-Decoy (2)

E-Wing: Etahn A'baht (32)

-Sensor Jammer (4)

-R3-A2 (2)150 Point Evade Theme (L1)Y-Wing: "Dutch" Vander (23)

-Autoblaster Turret (2)

-R7 Astromech (2)

-BTL-A4 Y-Wing (0)

Y-Wing: Horton Salm (25)

-Ion Torpedoes (5)

-R4-D6 (1)

A-Wing: Gemmer Sojan (22)

-Chardaan Refit (-2)

B-Wing: Nera Dantels (26)

-Predator (3)

-Advanced Proton Torpedoes (6)

-Enhanced Scopes (1)

YT-2400: Wild Space Fringer (30)

-"Mangler" Cannon (4)

-Jan Ors (2)

Here are my thoughts on your 100 point list:

- Decoy here swaps PS3, 5 and 8, but most people go for PS1-2 generics, PS9+ or a combination of those, so most will already be shooting before/after all your ships anyway, making for two wasted points in most match ups. In fact, you'd want Etahn to shoot before Vrill (using the stressbot to give an extra die) so using it to trade the biggest PS difference actually impedes your synergy.

- The ion cannon on Vrill means that he's incapable of ionizing an enemy and attacking with an extra die with his ability. Gunner with a 2-dice primary doesn't improve your damage output much either.

- R3-A2 is on your list's hardest hitter, and is the only upgrade that enables Vrill's pilot ability. This means that you're putting all your eggs in one basket, though tactical jammer helps in that aspect if you can make use of it. Furthermore you're limiting your hardest hitter to green maneuvers, making him predictable. Save the stressbot for a ship your opponent wouldn't normally want to shoot at.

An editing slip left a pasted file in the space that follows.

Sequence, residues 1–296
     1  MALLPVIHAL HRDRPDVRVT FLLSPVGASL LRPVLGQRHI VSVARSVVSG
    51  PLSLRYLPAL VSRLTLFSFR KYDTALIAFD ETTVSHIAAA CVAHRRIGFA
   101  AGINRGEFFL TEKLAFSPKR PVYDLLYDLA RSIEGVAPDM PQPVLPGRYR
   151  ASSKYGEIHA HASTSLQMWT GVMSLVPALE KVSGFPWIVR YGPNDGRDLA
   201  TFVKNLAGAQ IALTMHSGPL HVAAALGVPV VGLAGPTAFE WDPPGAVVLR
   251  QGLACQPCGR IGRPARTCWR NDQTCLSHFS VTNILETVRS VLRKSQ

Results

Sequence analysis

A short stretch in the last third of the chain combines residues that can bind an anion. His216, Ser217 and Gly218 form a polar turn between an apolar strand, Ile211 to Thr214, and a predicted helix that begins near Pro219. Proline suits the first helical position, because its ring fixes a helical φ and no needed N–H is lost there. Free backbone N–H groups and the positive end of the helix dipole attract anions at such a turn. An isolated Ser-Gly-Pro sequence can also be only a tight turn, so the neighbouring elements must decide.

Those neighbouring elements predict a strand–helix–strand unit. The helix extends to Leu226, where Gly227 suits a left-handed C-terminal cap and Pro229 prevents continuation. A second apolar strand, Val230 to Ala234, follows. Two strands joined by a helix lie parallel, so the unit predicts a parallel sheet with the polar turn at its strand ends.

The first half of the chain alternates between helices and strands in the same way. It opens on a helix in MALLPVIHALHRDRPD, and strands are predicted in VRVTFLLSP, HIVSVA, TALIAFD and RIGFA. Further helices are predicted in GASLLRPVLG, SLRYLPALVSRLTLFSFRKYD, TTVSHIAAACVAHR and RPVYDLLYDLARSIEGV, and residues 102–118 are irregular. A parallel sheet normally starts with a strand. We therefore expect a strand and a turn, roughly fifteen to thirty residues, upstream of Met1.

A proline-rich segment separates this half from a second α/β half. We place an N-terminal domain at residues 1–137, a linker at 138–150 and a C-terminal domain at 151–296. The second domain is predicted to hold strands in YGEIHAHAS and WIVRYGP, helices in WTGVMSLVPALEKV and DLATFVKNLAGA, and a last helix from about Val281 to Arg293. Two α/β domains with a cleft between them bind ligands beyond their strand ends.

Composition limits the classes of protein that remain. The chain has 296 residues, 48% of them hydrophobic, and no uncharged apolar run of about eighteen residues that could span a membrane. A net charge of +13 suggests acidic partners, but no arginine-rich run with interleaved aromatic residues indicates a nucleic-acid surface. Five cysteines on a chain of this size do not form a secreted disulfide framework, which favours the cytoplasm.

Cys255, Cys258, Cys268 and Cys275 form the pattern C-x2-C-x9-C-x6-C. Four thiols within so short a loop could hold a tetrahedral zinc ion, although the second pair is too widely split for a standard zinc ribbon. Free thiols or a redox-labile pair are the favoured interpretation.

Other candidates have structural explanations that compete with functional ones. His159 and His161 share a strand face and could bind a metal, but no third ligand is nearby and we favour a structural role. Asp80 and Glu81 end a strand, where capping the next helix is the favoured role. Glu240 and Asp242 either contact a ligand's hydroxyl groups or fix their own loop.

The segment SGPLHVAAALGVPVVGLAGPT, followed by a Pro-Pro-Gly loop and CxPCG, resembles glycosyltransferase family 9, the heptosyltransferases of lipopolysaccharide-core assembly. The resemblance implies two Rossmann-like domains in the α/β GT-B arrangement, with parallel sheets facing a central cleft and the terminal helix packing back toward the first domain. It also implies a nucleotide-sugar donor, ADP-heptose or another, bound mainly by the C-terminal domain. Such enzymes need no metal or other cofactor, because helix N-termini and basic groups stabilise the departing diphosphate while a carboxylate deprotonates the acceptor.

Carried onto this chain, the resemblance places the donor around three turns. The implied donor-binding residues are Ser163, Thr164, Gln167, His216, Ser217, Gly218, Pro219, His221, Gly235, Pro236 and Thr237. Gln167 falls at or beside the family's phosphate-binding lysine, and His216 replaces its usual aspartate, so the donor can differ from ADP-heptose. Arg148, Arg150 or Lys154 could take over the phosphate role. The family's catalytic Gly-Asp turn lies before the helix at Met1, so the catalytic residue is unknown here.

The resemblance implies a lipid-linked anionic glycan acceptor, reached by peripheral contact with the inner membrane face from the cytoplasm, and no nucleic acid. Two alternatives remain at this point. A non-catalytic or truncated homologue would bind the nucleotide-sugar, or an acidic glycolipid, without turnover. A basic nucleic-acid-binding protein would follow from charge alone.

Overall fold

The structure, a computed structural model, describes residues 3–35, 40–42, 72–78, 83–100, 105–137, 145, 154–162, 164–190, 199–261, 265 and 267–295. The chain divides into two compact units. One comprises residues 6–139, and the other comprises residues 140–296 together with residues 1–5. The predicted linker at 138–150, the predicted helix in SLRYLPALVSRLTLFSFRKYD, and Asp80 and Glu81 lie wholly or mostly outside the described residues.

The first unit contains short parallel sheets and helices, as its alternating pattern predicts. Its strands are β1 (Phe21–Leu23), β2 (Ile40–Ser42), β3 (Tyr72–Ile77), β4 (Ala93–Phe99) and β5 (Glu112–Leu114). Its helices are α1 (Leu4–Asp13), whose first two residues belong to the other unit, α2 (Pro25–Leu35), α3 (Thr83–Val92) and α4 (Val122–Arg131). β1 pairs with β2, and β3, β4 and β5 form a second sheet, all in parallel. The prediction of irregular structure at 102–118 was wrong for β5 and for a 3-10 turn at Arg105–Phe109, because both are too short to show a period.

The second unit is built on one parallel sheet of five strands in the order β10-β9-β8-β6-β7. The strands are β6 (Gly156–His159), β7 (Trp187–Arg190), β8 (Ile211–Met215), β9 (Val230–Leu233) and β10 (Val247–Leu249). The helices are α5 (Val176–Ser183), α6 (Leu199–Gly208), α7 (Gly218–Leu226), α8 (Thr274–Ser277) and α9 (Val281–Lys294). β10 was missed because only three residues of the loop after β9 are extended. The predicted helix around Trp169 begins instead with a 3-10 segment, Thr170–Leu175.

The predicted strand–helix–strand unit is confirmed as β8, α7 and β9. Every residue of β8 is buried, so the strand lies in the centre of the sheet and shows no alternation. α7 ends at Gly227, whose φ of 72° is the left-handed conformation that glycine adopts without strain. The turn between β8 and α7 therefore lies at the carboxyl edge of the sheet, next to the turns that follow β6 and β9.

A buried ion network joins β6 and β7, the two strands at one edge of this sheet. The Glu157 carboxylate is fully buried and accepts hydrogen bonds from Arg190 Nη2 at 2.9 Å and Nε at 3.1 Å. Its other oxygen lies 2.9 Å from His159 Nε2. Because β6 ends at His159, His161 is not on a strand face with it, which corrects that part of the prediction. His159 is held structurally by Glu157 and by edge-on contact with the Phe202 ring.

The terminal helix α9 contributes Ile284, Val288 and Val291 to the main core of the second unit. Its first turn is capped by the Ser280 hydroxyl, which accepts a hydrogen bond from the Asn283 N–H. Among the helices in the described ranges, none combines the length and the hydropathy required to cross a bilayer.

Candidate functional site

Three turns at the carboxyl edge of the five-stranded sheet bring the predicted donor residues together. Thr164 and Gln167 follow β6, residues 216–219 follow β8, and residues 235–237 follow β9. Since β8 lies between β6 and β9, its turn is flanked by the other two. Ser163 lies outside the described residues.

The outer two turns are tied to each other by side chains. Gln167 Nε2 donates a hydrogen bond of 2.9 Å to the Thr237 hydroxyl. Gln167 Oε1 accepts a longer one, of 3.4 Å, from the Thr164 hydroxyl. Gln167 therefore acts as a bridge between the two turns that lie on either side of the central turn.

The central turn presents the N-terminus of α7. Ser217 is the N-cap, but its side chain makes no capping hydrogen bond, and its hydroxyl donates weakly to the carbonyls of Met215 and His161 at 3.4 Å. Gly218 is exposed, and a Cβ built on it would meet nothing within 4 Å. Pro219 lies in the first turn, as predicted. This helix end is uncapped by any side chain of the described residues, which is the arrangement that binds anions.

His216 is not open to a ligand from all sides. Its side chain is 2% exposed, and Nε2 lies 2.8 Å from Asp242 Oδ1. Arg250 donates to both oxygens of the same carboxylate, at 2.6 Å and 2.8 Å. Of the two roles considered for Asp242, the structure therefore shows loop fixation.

- While I personally love sensor jammer, there's not much here that it helps you with except against TLTs as there's nothing in your list that stops your opponent from focusing every turn.

Also, keep in mind that if everything in your list works as planned, you have a maximum damage output of 8 hits per turn at range 2-3 (if your opponent totally blanks all of his defense rolls). A 7-TIE swarm and bbbbz have 14, RAC/Fel and Dash/Corran have only 6 or 7 but have the advantage of moving last and/or being maneuverable enough to not get shot at.

As for the 150 point list, well, people agree that most missiles/torpedoes are kind of crap, but apart from that...

- I find that the autoblaster turret is difficult enough to use on a Y-Wing without restricting it to the forward arc.